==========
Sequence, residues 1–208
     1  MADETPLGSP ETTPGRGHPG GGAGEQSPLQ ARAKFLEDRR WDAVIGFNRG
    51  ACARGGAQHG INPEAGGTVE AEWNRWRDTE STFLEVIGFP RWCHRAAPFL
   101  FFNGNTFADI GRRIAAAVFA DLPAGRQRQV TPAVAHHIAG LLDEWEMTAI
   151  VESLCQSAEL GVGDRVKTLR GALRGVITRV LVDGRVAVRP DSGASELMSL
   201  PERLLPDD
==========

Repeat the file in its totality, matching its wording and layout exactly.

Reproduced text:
Sequence, residues 1–208
     1  MADETPLGSP ETTPGRGHPG GGAGEQSPLQ ARAKFLEDRR WDAVIGFNRG
    51  ACARGGAQHG INPEAGGTVE AEWNRWRDTE STFLEVIGFP RWCHRAAPFL
   101  FFNGNTFADI GRRIAAAVFA DLPAGRQRQV TPAVAHHIAG LLDEWEMTAI
   151  VESLCQSAEL GVGDRVKTLR GALRGVITRV LVDGRVAVRP DSGASELMSL
   201  PERLLPDD